Tag Archives: NPP

Taiwan: Presidential and General Elections, January 2016

January 16, 2016 witnessed two historic events in Taiwan: the election of the first female president, Tsai Ing-wen of the Democratic Progressive Party (DPP) and the first legislative majority for the DPP. Tsai was elected to the presidency with an absolute majority of 56.1% of the votes, Eric Chu of the Kuomintang (KMT) received 31 percent of the popular votes, and James Soong of the People First Party (PFP) got 12.8 percent of the votes. Turnout was 66.3 percent, the lowest since 1996 when direct elections of the presidency began.

In the 113 legislative-seat race, the Central Election Commission reported a total of 354 candidates for 73 regional seats, 23 aboriginal candidates for 6 seats, 18 parties with 179 candidates for 34 at-large seats. The at-large seat-allocation for the parties is:

DPP 18
KMT 11
PFP 3
New Power Party (NPP) 2

Source: Central Election Commission

With the election, DPP holds 68 seats of the 113-seat legislature (up from 40); the Kuomintang (KMT) has 35 seats (down from 64), and the NPP, a new party formed in January following the Sunflower Movement where student-led protestors occupied the legislature in protest of opaque cross-straits trade agreements, wins five legislative seats. The other parties to sit in the legislature include three seats for the PFP (no change), 1 seat for the Non-Partisan Solidarity Union (down from 2), and one seat to an independent.

Going into election day, Tsai was the consistent leader in the polls, hitting her stride early in the race as the candidate-nominee for the DPP with no other contenders for the nomination. Indeed, Tainan mayor, William Lai Ching-te, who was rumoured to be a possible contender, mayor advocated for the party to unite behind Tsai’s candidacy on his facebook page.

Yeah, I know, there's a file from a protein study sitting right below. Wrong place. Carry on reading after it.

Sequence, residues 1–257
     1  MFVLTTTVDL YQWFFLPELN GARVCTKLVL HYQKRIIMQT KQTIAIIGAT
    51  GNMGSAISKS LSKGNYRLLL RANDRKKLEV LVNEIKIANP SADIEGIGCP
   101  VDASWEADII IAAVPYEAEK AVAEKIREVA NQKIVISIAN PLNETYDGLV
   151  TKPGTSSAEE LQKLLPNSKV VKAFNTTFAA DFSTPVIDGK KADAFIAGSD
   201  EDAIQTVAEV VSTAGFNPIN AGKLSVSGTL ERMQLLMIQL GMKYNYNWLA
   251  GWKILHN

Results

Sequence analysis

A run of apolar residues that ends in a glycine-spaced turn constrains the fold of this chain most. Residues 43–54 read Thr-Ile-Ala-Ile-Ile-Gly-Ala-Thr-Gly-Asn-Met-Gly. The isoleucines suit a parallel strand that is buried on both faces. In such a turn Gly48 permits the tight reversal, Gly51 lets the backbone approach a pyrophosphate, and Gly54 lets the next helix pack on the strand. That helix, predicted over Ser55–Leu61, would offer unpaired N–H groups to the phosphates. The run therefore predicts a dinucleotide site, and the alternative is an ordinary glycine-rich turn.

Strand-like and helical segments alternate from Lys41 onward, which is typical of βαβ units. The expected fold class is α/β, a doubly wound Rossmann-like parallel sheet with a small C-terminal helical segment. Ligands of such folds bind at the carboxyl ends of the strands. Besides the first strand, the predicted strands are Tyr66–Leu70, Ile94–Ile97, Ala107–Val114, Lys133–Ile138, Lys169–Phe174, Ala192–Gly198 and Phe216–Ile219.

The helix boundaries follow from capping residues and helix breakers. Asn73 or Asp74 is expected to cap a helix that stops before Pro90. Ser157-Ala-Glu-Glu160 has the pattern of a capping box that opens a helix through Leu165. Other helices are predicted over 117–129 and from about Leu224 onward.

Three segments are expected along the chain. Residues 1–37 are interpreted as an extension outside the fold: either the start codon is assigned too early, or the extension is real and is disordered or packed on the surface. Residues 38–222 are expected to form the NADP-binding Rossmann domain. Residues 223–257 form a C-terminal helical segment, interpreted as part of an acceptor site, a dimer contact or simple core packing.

In contrast, the majority ruling party going into the election, the KMT, floundered. The party’s presidential nomination was notable for the lack of political heavyweights contesting the party’s nomination. The party officially nominated Hung Hsiu-chu, deputy legislative speaker, as party nominee at the party congress in July following her success at the two-stage party primary, but the candidate was dogged by lacklustre support within the party. Indeed, key party figures absented themselves from Hung’s campaigns, and party members’ resistance to Hung’s candidacy amplified when the chair of the People First Party (PFP) James Soong, entered the presidential race in August.

Soong’s contestation of the presidential race was not a surprise: the candidate had left the KMT to form the splinter PFP party in 2000 to contest presidential elections then. Soong was rumoured to be approached by former DPP Chair Shih Ming-the, who announced his own candidacy for the presidential elections in late May, about a possible joint-ticket. However, Shih struggled to obtain the 270,000 signatures as endorsement to be eligible as presidential candidate and exited the race in September. Soong’s entry into the presidential race saw him immediately placed ahead of KMT’s Hung. That may have emboldened the candidate, or perhaps it was a standing strategy, but Soong was rumoured to be seeking support from his erstwhile party comrades, a charge he denied even as his visits to former KMT council members became known.

Meanwhile, the KMT – which had maintained publicly of support for the party nomination of Hung – saw increasingly vocal and public party opposition to the candidate. On October 17, the KMT officially cancelled Hung’s candidacy and replaced the party-nomination with Eric Chu, the KMT party chair and Taipei City mayor.

Despite the party-switch – or, perhaps, because of it – Eric Chu never gained ground against Tsai. The party seemed to weaken further with the announcements of the vice presidential candidates: Tsai running mate was Academia Sinica Vice President Chen Chien-jen; Chu selected former labour minister, Jennifer Wang, while Soong’s vice-presidential nominee was Hsu Hsin-ying, chair of the newly formed Republic Party. Of the three vice-presidential nominees, Wang was the most controversial, igniting protests over her labour-rights record.

The presidential inauguration will be held on May 20, 2016. Meanwhile, the president-elect is busy getting her cabinet in order in the presidential-parliamentary system. 1 Optimism – and expectations — run high for the new president.

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  1. Elgie, Robert. “List of president-parliamentary and premier-presidential systems.” August 12, 2014. http://presidential-power.com/?p=1757